Softbank’s Latest Lifeline To WeWork Is A Fresh Snub Of Adam Neumann, But What Happens Next?
This spring, SoftBank, the Japanese conglomerate helmed by Masayoshi Son, backtracked on an offer to buy up to $3 billion of WeWork shares, a deal that would have netted the coworking firm’s co-founder Adam Neumann nearly $1 billion. It seemed, at the time, that SoftBank might be backing away from the startup, even after pouring in more than $10 billion.
Evidently SoftBank was only walking away from Neumann. This week WeWork told employees that it has received a commitment from SoftBank for $1.1 billion in new financing, which may help the company regain its footing following a year of endless turbulence.
SoftBank had first agreed to the $1.1 billion in funding at the same time as the $3 billion deal. It was intended as a follow-on to the share purchases. When the Japanese firm retracted the first part of that agreement, the second half was thrust into question.
“The fact that SoftBank is giving them an extra infusion is, I think, really good news for the company,” says Dror Poleg, an author and former real estate executive who has tracked WeWork. “It means that there might be more cash coming, or at least that the company has a very strong backer, which was something that some people thought was no longer true.
The news was announced in WeWork’s second-quarter earnings memo, which was emailed to employees on August 13 and obtained by Forbes. During the quarter, the company’s revenue rose 9% as compared to the same period last year, to $882 million, though it burned $671 million in cash. Its revenue in the first quarter had topped $1 billion.
“The numbers illustrate that similar to virtually every company around the world, COVID-19 has had an impact on our business,” Kimberly Ross, WeWork’s chief financial officer, said in the email. “However, they also show our five-year plan in action,” she said.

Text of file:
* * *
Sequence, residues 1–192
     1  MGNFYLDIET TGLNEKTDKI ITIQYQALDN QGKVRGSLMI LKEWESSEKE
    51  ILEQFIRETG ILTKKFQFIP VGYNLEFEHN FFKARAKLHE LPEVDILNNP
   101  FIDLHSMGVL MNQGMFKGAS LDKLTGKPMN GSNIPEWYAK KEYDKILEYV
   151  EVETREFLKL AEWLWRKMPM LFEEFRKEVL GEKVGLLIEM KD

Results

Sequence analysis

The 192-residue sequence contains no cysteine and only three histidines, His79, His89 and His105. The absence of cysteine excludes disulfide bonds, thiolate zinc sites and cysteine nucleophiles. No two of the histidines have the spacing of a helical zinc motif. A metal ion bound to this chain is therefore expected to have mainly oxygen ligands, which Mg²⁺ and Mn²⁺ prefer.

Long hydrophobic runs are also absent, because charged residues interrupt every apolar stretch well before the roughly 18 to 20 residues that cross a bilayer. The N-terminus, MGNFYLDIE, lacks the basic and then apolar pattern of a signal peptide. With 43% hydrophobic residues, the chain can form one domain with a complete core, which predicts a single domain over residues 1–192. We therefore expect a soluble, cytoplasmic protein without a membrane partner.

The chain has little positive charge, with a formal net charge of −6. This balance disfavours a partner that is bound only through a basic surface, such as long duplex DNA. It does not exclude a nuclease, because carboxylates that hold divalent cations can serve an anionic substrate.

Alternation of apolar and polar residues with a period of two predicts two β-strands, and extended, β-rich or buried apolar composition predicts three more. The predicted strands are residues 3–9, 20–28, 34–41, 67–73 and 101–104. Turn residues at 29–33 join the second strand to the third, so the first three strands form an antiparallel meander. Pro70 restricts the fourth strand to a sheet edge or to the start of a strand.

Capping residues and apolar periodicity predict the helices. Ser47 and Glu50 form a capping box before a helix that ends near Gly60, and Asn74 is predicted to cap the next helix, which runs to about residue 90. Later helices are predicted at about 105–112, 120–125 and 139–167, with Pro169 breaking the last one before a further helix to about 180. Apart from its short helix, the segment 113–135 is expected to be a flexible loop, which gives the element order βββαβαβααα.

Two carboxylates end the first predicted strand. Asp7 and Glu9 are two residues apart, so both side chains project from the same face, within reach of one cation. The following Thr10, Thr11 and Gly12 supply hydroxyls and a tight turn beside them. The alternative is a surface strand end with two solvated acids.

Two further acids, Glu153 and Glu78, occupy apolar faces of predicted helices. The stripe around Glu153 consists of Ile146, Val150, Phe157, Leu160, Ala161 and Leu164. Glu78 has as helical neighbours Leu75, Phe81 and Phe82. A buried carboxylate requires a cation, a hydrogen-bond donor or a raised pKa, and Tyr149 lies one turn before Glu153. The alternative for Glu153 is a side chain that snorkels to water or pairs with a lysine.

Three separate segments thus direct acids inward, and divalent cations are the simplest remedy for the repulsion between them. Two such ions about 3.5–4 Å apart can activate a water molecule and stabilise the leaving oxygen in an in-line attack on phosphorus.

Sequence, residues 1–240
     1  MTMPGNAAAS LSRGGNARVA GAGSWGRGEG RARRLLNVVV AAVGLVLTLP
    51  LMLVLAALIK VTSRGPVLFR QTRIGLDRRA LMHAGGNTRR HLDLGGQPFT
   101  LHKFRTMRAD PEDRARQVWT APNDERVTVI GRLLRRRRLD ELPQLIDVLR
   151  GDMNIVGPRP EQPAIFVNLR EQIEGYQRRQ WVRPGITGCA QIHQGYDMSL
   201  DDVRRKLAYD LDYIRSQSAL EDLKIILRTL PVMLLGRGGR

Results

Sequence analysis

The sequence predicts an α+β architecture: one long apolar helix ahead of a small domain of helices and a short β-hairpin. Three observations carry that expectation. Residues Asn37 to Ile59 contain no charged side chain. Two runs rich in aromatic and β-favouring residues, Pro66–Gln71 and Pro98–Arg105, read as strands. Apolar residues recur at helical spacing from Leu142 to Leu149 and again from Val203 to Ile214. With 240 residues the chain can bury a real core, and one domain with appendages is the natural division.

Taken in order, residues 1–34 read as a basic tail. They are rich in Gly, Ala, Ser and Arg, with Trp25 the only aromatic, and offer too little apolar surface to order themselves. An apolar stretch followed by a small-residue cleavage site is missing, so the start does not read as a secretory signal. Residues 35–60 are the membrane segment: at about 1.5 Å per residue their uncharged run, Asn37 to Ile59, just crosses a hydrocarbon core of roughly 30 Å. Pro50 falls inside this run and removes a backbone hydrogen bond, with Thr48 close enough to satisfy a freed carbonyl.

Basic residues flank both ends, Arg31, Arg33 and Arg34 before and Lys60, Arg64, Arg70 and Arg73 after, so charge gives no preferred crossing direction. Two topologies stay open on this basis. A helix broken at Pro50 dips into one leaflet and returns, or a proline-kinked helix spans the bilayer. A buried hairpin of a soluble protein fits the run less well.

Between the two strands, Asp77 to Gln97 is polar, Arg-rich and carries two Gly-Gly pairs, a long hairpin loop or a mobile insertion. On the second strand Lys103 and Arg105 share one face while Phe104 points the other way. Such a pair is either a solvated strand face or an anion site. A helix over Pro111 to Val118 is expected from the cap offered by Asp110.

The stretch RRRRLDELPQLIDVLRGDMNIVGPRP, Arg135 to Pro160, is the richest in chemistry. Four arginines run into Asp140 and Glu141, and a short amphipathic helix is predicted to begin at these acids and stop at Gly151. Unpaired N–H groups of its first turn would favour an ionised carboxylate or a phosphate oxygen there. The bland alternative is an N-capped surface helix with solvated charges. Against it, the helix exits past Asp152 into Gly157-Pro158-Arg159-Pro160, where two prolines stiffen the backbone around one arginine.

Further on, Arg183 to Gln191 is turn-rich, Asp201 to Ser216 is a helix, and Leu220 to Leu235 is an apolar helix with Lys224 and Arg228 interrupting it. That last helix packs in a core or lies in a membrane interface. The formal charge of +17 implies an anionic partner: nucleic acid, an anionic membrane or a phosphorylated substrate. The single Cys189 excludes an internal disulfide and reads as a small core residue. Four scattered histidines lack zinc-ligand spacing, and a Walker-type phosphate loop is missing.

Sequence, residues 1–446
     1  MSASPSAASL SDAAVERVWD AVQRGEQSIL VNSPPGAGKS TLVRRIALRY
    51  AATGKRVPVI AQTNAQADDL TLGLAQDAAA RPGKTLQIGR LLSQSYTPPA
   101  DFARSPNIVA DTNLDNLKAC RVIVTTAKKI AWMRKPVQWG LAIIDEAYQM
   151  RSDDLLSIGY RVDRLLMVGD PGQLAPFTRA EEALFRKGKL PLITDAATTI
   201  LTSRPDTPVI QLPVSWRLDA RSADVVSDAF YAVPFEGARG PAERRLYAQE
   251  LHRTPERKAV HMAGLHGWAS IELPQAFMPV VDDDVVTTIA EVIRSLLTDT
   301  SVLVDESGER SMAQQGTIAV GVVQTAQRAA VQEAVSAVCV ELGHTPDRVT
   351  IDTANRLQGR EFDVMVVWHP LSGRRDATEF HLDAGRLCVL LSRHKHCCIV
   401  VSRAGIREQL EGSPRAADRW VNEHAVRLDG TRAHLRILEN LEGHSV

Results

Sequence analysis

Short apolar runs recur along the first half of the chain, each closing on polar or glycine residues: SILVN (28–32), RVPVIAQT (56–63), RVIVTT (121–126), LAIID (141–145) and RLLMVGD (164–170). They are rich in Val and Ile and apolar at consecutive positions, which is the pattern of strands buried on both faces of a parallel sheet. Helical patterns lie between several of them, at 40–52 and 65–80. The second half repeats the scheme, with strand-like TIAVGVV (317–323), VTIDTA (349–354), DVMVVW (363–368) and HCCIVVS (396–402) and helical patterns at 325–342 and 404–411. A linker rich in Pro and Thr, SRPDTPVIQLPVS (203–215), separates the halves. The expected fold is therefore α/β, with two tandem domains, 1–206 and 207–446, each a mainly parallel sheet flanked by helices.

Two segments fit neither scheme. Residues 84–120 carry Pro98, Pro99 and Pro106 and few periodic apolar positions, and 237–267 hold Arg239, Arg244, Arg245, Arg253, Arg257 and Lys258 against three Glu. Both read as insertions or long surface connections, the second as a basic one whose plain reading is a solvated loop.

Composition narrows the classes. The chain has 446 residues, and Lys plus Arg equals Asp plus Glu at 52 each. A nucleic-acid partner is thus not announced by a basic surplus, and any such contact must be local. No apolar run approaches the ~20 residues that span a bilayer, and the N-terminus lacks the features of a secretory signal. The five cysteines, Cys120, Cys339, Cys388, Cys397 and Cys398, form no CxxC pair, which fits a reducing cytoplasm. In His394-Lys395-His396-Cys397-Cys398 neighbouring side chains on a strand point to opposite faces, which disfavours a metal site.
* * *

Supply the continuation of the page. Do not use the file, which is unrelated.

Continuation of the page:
WeWork now finds itself at an inflection point, caused not just by the impact of the Coronavirus, but by the legacy of Neumann, who was pushed out as CEO last fall. (Neumann, who declined to comment, is suing SoftBank over its retracted offer to purchase shares.)
The financing may alter allegiances in Neumann’s war with SoftBank. “As an observer, I think it actually weakens Neumann’s position,” says Poleg. “He was in a sense in the same boat with some of the venture investors that wanted to cash out.” Now, by giving the company access to the new capital, SoftBank is positioning itself as a potential savior and critical ally—though the conglomerate is of course protecting its own WeWork investment as well.
Going forward, WeWork will need to prove itself as a sustainable business, one that can justify even its current, heavily-discounted valuation. COVID-19 is no doubt hurting the firm in the short-term, but as companies increasingly move away from restrictive, long-term leases, the opportunities for flexible office space companies to capitalize will be immense.